HomeLatest NewsWill Powell support a more dovish approach with fellow Fed members?

Will Powell support a more dovish approach with fellow Fed members?

Will Powell Signal a Less Hawkish Stance on Interest Rates?

Federal Reserve chairman Jerome Powell is set to speak at the Economic Club of New York next week, with market participants eagerly waiting to see if he endorses recent remarks from fellow Fed members regarding the need for a final rate hike this year.

Market participants will closely watch Powell’s speech to see if he shares the same view as other Fed officials on the impact of rising Treasury yields. The recent surge in yields has raised concerns about the need for further rate hikes this year.

The Impact of Rising Yields on Monetary Policy

Since the Fed’s September meeting, there has been a growing narrative of “higher for longer” rates, which has led to a sharp selloff in Treasuries and pushed yields to 20-year highs. San Francisco Fed president Mary Daly has suggested that the surge in yields is equivalent to about one rate hike, indicating an increased risk of recession if rates continue to rise.

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At the most recent FOMC press conference, Powell flagged the risk of overtightening and emphasized the need to move more slowly on rate hikes. This cautious approach has been echoed by several Federal Open Market Committee participants.

Changing Tone from Fed Members

There appears to have been a coordinated attempt by Fed officials to signal more concern over the sharp rise in yields. The FOMC September meeting minutes revealed that a majority of participants believed one more rate hike would likely be appropriate.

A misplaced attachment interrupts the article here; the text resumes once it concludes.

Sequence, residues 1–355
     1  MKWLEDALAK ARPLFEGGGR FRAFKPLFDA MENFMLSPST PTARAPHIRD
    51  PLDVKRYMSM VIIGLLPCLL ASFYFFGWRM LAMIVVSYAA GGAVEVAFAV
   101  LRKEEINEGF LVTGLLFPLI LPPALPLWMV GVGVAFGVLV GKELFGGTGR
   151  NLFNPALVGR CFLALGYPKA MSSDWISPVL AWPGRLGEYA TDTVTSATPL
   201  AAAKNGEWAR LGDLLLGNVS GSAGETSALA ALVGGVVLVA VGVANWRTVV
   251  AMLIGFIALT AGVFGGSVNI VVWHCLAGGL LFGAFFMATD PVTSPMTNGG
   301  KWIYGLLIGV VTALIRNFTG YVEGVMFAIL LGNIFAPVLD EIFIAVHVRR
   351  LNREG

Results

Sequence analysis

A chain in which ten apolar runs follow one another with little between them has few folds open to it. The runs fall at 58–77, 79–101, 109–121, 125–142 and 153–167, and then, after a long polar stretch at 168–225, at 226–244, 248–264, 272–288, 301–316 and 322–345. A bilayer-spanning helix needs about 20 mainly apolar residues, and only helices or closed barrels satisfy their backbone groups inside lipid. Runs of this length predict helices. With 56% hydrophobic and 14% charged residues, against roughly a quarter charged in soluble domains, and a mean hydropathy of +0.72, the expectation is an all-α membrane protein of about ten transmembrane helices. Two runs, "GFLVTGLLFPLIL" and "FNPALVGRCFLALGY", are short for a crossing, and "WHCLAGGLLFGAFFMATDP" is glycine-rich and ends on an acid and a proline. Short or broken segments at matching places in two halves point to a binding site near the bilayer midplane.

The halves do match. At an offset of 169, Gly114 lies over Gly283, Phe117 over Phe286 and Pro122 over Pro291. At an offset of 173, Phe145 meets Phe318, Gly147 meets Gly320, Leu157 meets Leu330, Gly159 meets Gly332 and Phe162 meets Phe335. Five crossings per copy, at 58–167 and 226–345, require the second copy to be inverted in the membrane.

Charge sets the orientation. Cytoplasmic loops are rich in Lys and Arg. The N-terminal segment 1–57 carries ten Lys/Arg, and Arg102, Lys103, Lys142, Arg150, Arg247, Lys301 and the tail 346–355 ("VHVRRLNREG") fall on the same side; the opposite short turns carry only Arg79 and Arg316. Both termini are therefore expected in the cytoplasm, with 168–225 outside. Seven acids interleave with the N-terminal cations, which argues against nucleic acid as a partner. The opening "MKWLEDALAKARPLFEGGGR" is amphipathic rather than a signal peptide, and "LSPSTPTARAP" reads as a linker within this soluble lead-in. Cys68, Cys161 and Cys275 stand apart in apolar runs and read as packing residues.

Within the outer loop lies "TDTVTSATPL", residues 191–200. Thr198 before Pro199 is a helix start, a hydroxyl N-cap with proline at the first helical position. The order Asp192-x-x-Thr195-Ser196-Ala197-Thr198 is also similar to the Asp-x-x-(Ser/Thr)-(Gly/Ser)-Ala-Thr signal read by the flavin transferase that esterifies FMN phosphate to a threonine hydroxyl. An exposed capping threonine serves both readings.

However, market expectations now indicate a less than 30% chance of another rate hike this year. Endorsing a less hawkish stance may cement these expectations, potentially undoing recent tightening in financial conditions.

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Powell’s Potential Response

Powell may acknowledge the recent rise in yields but downplay its significance, attributing it to temporary factors such as larger issuance of Treasuries. The U.S. Treasury’s plans to borrow a near-record amount of debt in the second half of 2023 have increased supply pressures on government bonds, pushing yields higher.

While there is a risk of a mid-November government shutdown that could require the Treasury to raise more cash, Powell could argue that the pace of issuance will eventually slow, easing supply pressures on government bonds.

Maintaining Data Dependence

Recent economic data, including higher core CPI and strong job growth, supports the argument for maintaining the current data-dependent policy. Powell may emphasize the need for the Fed to continue monitoring economic indicators before making any decisions on interest rates.

Powell is expected to strike a balance in his remarks, acknowledging the rise in yields while emphasizing the Fed’s data dependence. This approach may appease both monetary policy hawks and doves, allowing the Fed to maintain its current stance.

Overall, Powell’s speech will be closely watched to gauge his stance on interest rates and the potential impact on the economy. The extent to which he endorses a less hawkish stance will depend on the recent tightening in financial conditions and the risk of a hard landing.

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